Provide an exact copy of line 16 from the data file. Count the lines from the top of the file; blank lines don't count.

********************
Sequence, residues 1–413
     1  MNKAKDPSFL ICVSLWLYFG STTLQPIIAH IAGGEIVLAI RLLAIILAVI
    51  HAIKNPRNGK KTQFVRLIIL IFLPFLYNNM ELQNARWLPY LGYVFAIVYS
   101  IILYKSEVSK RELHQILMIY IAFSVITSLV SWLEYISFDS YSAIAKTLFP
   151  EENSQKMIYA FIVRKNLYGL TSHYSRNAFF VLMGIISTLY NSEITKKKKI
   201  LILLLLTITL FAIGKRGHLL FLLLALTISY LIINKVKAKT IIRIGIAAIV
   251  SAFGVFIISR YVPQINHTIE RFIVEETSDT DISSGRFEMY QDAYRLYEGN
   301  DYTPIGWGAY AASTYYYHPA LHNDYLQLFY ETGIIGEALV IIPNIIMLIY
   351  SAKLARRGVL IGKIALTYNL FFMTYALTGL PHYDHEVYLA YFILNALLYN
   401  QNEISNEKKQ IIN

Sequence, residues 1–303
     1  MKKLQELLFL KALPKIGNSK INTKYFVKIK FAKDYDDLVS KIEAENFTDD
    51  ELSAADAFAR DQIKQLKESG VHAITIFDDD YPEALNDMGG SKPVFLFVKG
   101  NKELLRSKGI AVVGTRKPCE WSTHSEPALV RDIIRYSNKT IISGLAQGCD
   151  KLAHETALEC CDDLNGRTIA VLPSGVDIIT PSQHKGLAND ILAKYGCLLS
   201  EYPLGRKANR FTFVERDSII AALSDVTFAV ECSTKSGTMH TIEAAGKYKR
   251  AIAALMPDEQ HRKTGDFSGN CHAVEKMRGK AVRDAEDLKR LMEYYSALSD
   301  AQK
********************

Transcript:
   201  EYPLGRKANR FTFVERDSII AALSDVTFAV ECSTKSGTMH TIEAAGKYKR